Changed perspective on practice
I had always thought of myself as a warm, caring, and empathic psychiatrist, but my experience as a cardiac patient made me realize that there is always room for improvement in treating my patients.
Remember, every doctor will become a patient one day, and the reality of illness, injury, and mortality may really hit you hard, as it did me. You may not receive any prioritized treatment and you will know what it feels like to be helpless, vulnerable, and at the mercy of a physician while you regress in the service of the ego and become a patient.
You can be a better doctor now if you are mindful that whatever the physical, emotional, or mental issue facing your patients, the problem may be catastrophic to them. They need your undivided attention. Any problem is a significant event to your presenting patient. Really listen to his or her concerns or questions, and address every one with patience, understanding, and accurate information.If you follow these lessons, which I learned the hard way, you can become a better doctor.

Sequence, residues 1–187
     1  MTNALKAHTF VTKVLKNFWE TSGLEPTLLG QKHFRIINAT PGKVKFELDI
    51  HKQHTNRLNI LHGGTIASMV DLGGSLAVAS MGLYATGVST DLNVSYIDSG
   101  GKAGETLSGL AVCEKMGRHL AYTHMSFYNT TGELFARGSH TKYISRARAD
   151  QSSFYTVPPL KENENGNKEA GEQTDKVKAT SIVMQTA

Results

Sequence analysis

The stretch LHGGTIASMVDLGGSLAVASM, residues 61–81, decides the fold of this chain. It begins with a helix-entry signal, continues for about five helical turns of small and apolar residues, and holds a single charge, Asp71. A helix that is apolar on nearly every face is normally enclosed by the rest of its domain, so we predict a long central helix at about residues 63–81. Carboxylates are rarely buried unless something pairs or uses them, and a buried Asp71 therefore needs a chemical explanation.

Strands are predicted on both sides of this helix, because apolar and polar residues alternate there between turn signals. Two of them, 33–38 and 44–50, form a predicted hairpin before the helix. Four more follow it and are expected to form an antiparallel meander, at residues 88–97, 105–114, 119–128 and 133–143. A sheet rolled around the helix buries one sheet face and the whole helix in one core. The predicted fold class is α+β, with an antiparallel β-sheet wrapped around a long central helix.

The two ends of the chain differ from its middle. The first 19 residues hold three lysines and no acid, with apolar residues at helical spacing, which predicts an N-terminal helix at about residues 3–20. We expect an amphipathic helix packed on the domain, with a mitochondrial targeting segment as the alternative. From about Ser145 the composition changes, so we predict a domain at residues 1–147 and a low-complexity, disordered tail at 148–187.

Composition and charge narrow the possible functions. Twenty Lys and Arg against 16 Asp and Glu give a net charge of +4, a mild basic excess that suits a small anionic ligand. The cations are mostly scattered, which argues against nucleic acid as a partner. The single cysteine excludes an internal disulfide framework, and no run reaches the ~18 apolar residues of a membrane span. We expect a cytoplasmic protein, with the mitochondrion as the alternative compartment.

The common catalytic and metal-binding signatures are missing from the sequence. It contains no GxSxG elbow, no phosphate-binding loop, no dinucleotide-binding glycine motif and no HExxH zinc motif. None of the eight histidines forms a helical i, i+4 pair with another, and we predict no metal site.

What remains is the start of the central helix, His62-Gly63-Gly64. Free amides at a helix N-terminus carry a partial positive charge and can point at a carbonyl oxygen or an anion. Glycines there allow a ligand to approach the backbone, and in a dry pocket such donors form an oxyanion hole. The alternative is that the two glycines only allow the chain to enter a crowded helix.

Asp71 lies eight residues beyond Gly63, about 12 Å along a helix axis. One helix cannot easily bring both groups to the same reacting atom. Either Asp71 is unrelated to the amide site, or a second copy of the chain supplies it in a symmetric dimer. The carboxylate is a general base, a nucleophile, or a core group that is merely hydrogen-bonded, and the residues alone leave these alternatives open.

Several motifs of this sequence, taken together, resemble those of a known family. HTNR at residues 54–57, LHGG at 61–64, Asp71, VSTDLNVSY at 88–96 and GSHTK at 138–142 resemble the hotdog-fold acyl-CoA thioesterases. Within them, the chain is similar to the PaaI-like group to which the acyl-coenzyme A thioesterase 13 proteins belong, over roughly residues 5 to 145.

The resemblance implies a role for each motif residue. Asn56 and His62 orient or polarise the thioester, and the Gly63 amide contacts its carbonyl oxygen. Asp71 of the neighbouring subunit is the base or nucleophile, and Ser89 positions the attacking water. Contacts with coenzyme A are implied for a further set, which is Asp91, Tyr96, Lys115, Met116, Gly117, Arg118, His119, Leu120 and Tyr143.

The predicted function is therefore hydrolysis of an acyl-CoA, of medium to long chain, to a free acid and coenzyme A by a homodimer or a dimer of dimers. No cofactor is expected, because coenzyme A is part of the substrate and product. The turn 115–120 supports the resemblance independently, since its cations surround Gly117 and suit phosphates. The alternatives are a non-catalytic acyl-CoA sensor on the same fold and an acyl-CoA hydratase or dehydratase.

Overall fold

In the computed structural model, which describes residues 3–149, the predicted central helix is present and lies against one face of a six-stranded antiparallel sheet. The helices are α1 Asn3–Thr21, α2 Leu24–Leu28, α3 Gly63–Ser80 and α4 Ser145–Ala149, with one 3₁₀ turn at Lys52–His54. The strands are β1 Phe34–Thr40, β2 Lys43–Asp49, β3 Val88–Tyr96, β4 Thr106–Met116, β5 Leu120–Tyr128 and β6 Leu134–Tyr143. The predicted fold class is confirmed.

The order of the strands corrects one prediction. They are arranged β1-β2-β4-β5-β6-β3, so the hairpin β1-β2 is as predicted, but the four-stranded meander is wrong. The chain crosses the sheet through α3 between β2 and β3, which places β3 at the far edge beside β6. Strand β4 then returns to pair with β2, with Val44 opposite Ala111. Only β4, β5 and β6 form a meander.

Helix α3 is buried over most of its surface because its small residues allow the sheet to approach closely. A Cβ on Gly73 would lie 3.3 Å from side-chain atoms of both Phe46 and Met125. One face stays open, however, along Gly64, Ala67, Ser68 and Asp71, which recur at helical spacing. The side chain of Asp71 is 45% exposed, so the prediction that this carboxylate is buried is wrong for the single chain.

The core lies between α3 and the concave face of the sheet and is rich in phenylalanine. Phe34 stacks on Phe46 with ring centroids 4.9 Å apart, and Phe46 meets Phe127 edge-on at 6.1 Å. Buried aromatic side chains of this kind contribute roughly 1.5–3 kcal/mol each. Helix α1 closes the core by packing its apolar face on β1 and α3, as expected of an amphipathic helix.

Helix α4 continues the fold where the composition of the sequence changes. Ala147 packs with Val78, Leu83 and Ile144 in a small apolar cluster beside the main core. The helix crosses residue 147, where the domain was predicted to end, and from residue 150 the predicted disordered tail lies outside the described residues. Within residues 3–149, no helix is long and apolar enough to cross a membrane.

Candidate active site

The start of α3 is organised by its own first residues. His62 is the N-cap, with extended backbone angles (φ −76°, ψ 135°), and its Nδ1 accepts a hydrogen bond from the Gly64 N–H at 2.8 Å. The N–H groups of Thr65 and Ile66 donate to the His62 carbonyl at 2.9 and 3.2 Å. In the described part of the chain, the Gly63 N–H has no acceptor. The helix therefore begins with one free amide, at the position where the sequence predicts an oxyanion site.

I followed my doctor’s instructions and I started hitting tennis balls gradually. I worked myself back into shape and with my daughter Julia Cohen, and we won the USTA
Dr. Cohen has had a private practice in psychiatry for more than 35 years. He is a former professor of psychiatry, family medicine, and otolaryngology at Thomas Jefferson University in Philadelphia. Dr. Cohen has been a nationally ranked tennis player from age 12 to the present, served as captain of the University of Pennsylvania tennis team, and ranked No. 1 in tennis in the middle states section and in the country in various categories and times. He was inducted into thein 2012.